Pikesville

By Fred Pollack

During our year there (Clinton era), I

walked. But the buildings

of our complex looked out

on parking lots. Black asphalt, bushes;

I recall a row of trees, nothing behind them.

The road connecting the parking lots

was also black asphalt. It fed into

a street, unremarkable, with (probably) roads

to other complexes. It ended at

a shopping center, not much larger

than a stripmall, no bushes or grass, one pricey

market. That was the first half-mile.

Then a bridge (over tracks? I recall no trains); then

the difficult part – I mean

I seem to remember the highway

abutting, squeezing two remaining blocks

of retail. The men sitting round

on red plastic chairs

in the barbershop were old (vets, I thought),

the barbers were old, they talked around me.

On the wall hung a calendar and postcards.

I forget if I went there more than once.

Outside, a high wire fence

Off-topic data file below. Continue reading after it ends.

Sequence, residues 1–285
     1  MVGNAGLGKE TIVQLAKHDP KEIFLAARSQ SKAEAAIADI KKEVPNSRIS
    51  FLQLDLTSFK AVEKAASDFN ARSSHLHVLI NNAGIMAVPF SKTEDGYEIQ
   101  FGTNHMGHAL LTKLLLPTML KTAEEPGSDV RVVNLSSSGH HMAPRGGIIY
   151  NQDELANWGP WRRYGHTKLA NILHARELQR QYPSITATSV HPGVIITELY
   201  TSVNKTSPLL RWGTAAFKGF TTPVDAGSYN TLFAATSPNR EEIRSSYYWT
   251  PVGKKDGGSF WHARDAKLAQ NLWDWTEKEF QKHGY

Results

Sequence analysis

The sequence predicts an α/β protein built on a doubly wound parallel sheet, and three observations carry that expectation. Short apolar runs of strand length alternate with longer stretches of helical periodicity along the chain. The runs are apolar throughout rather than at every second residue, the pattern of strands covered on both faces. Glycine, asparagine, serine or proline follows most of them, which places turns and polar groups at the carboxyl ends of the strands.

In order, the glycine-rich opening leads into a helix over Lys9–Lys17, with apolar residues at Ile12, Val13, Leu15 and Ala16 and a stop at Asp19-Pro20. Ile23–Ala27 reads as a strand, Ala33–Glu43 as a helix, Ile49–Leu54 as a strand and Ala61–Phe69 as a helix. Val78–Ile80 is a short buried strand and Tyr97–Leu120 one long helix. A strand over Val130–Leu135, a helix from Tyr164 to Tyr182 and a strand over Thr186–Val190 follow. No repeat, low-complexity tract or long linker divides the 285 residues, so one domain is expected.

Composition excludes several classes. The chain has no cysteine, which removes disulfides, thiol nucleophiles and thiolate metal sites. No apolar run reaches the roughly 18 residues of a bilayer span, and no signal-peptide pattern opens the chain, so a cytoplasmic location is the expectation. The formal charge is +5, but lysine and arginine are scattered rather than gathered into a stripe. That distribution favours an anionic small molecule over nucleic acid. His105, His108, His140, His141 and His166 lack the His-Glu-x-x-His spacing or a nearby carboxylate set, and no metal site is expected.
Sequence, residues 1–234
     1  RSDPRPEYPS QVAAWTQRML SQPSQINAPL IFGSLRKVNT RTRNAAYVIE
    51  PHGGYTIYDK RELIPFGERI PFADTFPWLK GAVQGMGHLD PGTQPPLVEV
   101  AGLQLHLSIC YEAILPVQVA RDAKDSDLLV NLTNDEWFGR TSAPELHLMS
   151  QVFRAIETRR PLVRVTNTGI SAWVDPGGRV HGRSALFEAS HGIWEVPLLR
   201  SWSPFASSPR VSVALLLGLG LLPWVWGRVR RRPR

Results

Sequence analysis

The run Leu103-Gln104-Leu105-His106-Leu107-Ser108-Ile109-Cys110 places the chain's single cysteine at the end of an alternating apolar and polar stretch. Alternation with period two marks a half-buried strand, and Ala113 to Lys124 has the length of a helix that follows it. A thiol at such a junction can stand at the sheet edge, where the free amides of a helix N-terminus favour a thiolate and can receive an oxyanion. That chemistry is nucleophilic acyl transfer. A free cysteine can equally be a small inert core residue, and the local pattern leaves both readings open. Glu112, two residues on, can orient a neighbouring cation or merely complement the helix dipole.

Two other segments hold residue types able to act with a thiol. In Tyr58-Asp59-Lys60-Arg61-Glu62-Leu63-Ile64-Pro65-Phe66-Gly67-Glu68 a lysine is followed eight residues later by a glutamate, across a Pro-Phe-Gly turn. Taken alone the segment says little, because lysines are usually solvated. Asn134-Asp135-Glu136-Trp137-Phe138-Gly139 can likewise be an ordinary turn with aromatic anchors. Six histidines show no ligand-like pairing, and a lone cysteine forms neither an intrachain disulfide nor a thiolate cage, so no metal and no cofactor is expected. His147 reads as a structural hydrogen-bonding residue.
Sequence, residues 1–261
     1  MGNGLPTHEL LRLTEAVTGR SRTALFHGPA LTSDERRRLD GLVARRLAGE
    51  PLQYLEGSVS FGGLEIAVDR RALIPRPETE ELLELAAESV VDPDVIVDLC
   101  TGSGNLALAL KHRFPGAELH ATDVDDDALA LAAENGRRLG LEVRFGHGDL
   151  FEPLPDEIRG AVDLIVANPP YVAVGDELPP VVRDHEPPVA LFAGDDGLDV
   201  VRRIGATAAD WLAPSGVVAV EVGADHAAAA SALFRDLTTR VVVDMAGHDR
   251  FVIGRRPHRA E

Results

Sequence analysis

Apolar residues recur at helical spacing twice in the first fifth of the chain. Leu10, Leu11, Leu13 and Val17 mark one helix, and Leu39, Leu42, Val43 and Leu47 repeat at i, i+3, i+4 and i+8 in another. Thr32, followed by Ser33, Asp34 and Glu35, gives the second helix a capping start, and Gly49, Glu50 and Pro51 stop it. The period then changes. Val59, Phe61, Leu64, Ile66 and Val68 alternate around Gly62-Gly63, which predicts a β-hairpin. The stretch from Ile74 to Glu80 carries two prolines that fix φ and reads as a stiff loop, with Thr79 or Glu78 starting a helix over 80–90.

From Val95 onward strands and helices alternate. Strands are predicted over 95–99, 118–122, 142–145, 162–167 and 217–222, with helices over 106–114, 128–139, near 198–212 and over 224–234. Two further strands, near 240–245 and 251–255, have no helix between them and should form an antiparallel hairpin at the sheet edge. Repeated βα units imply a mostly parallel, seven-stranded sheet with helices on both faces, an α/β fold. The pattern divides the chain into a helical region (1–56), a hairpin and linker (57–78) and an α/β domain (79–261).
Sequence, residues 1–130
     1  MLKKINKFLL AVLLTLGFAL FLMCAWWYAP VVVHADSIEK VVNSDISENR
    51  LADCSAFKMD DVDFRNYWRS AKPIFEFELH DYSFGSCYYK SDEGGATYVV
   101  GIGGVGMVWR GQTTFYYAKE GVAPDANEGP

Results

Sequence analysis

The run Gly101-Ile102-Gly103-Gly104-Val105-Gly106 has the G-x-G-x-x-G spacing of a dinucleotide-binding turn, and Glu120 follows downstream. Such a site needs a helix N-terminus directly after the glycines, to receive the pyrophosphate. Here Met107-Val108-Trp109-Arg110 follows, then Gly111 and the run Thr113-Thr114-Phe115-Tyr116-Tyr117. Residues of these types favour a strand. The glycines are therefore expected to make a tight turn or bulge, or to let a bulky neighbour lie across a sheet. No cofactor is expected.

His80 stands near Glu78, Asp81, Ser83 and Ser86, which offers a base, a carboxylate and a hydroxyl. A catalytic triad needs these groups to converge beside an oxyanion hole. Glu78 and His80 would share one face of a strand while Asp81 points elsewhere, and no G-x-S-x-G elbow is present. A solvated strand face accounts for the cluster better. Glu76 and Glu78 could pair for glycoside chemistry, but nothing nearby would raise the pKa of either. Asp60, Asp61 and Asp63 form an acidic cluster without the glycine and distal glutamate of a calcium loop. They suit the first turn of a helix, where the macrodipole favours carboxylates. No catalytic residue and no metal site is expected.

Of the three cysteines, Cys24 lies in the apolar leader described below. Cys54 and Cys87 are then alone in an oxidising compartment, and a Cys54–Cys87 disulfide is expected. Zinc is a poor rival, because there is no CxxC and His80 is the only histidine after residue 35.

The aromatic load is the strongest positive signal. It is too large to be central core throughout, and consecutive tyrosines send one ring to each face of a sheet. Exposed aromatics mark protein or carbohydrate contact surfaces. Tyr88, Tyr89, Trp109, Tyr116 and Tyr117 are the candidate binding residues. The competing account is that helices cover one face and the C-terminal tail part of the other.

further constricted

the narrow sidewalk, separating it

from construction. Construction made the road

(or was it the highway? Was there a light?)

harder to cross. On the other side,

fast food. I walked south several blocks

(bungalows, probably) to the former

train station, lately remade

into an early software store,

which never seemed to be doing much business.

Across from it, trees in

high weeds; some bare spots, almost a path,

a white scarf, bottles. It may have been 

a sometime homeless camp; this was before

the charities distributed nylon tents.

That was a mile.

Fred Pollack is the author of two book-length narrative poems, THE ADVENTURE and HAPPINESS, both Story Line Press; the former to be reissued by Red Hen Press. Two collections of shorter poems, A POVERTY OF WORDS, (Prolific Press, 2015) and LANDSCAPE WITH MUTANT (Smokestack Books, UK, 2018). Pollack has appeared in Salmagundi, Poetry Salzburg Review, The Fish Anthology (Ireland), Magma (UK), Bateau, Fulcrum, Chiron Review, Chicago Quarterly Review, etc. 

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